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Macroevolution: Examples from the Primate World

By: Paul Sesink Clee & Mary Katherine Gonder © 2012 Nature Education 
Citation: Sesink Clee, P. & Gonder, M. K. (2012) Macroevolution: Examples from the Primate World. Nature Education Knowledge 3(12):2
What is macroevolution? Why is it important? How can macroevolutionary thinking help with interpreting patterns of primate evolution?
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What is Macroevolution?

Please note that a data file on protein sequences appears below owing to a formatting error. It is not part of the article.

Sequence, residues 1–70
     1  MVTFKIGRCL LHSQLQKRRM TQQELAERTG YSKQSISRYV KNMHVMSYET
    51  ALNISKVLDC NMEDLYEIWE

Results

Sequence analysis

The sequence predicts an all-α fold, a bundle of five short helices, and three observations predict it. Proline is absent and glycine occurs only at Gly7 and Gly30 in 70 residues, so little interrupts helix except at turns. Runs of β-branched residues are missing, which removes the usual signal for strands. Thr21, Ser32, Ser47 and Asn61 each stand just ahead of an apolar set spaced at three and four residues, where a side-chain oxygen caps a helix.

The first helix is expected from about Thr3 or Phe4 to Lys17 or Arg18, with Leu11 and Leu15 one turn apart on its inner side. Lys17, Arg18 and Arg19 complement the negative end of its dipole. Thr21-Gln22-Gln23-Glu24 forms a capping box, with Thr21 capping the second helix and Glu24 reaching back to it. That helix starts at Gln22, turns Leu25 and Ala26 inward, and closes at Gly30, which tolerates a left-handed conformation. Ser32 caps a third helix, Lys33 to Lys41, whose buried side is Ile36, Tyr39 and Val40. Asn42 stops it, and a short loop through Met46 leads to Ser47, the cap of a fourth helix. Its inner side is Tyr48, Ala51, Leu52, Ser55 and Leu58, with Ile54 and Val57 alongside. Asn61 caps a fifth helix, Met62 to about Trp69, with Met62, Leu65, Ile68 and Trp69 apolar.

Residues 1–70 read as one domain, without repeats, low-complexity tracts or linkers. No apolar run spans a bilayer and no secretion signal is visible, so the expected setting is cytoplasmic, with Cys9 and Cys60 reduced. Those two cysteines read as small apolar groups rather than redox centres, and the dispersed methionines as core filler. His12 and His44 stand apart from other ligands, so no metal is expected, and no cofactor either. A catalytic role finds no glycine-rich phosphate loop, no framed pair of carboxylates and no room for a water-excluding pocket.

The tree of life has many branches that all connect to a common ancestor, and the diversity of life on the tree results from evolutionary processes. Just as we organize life on earth into hierarchies, we would like to do the same for evolutionary processes and patterns. Thus, many scientists propose that evolution can be divided into two distinct hierarchical processes -- microevolution and macroevolution -- although the distinction between them is somewhat artificial. Microevolution describes mechanisms that alter the frequencies of alleles in gene pools within species (Rexnick & Ricklefs 2009). These mechanisms include mutation, migration, genetic drift, and natural selection. Theory suggests that the effects of these processes accumulate over time and can sometimes result in the divergence of populations and the birth of new species. In contrast, macroevolution describes patterns on the tree of life at a grand scale across vast time periods. Many different patterns can be observed across the tree of life at a grand scale (Figure 1), including stability, gradual change, rapid change, adaptive radiations, extinctions, the co-evolution of two or more species, and convergent evolution in traits between species -- just to name a few. Macroevolutionary studies tend to draw heavily from the fossil record. Fossils document the emergence of new life forms, how their geographic distribution changed over time, and ultimately when they went extinct. In contrast, microevolutionary changes are not frequently observed in the fossil record because the processes that govern evolutionary change within species are thought to occur over much shorter time scales. Thus, macroevolution is centered on explaining evolutionary patterns above the species level (Rexnick & Ricklefs 2009), and those who study it are searching for the ‘organizing principles' that explain these patterns.